The Asian Development Bank (ADB) has extended US$1.1bn worth of loans to sustainable energy sector development in Indonesia.

There are two loans in the package, one US$500mn loan for sustainable and inclusive energy projects, another US$600mn results-based loan which will allow PLN, Indonesia’s state electricity utility, to provide sustainable energy in the country’s east. The PLN loan is guaranteed by the Indonesian government

“Increased access to affordable and sustainable sources of energy is a prerequisite for the government to meet its economic growth aspirations. The two loans approved today will, respectively, improve the enabling policy environment to increase public and private investment in Indonesia’s energy sector, and support and develop the power distribution network in Eastern Indonesia,” says Winfried Wicklein, the ADB’s country director for Indonesia.

Indonesia’s energy sector has been starved of investment over the years, which the ADB attributes to years of energy subsidies. This has left it lagging behind neighbouring countries in Southeast Asia in the development of its abundant resources of renewable energy, such as solar, wind and biomass.

The country was still dependent on coal for more than half of its energy generation in 2016. It’s hoped that these loans will help stimulate private investment in the renewable energy sector.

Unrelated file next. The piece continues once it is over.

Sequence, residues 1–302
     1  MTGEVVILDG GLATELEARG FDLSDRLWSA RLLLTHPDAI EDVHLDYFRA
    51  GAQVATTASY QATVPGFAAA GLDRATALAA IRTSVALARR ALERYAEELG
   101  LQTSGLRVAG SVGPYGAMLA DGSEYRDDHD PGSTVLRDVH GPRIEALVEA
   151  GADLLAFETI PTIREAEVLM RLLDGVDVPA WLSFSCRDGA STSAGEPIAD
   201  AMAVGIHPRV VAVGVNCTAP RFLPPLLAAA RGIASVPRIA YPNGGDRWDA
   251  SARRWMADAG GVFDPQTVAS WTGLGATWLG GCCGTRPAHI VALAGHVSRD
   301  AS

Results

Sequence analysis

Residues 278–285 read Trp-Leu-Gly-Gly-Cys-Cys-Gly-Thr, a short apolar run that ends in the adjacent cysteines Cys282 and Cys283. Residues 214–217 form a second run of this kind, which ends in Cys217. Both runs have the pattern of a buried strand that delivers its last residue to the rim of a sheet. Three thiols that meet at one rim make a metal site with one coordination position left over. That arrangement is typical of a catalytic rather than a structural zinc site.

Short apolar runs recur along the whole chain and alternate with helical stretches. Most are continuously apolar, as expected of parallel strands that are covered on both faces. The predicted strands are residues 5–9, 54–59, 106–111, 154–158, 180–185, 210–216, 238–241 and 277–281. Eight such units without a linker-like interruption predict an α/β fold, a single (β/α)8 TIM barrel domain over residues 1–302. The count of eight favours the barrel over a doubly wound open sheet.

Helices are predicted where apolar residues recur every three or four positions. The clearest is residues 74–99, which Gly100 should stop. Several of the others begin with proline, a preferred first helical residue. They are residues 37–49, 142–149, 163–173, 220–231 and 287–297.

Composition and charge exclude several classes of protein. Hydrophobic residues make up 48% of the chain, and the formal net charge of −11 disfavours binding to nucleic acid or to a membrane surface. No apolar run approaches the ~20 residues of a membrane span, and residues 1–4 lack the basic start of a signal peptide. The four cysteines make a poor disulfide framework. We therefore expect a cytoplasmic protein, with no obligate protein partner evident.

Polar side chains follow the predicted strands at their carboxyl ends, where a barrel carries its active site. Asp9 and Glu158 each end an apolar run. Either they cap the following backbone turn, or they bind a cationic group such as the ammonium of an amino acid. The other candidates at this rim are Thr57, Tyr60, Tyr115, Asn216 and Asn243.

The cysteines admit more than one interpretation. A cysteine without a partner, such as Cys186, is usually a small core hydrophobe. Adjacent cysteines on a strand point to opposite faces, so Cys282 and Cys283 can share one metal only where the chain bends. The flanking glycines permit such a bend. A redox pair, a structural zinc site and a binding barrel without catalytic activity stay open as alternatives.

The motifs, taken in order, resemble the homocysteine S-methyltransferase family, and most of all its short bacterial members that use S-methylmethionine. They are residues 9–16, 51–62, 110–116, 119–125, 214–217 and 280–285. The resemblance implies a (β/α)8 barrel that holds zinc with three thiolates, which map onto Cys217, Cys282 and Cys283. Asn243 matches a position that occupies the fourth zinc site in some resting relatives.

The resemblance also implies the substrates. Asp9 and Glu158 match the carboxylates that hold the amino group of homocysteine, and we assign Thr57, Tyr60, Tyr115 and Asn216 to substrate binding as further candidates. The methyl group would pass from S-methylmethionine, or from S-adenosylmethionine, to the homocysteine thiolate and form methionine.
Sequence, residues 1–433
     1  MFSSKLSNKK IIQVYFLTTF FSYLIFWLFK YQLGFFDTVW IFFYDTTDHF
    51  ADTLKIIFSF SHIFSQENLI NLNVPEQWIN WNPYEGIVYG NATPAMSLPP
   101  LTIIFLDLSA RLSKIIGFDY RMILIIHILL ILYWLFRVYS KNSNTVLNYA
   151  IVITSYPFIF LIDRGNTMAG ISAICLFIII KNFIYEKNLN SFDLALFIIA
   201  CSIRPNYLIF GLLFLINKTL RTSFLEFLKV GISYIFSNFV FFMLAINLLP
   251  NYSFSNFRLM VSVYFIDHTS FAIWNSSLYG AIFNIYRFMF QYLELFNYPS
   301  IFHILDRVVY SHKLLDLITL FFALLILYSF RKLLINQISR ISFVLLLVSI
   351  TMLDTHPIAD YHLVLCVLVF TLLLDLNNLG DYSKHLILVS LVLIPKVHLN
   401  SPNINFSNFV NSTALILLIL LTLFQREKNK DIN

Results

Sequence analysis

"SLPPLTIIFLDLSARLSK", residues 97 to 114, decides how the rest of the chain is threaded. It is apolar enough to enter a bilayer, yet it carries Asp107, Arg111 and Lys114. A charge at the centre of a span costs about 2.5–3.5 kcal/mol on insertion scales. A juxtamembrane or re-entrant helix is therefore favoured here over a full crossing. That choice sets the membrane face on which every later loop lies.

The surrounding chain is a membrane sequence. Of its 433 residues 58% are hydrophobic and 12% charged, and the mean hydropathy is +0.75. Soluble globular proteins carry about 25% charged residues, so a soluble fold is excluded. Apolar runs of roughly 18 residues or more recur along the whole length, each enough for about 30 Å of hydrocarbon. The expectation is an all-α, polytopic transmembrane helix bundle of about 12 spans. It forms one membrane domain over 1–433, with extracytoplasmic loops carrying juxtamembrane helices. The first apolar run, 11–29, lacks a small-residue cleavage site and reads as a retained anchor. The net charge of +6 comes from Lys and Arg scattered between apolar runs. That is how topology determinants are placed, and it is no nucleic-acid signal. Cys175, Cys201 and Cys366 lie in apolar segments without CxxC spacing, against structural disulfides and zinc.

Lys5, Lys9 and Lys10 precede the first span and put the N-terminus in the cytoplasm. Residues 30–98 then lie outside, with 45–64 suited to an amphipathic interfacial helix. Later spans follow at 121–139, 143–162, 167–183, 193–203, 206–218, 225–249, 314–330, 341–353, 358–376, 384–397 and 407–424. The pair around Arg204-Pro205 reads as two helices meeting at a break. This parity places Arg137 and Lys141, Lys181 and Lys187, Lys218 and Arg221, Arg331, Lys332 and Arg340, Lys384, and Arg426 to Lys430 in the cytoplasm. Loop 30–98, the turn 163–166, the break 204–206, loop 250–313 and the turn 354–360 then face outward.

The PLN loan, for instance, is part of an investment programme for stimulating growth in the east of Indonesia. It is hoped that by improving the energy distribution system, business activity will improve across Nusa Tenggara and Sulawesi, where the main industries are agriculture, fishing and tourism.

However, the ADB sums, while substantial, are a drop in the ocean of the investment in power required in Southeast Asia’s biggest nation. Challenging geographical conditions brought by the archipelagic nature of Indonesia is a huge impediment to centralised power and networking. According to the World Bank, the country needs US$500bn investment in its infrastructure, a sizeable chunk of which should be for power generation.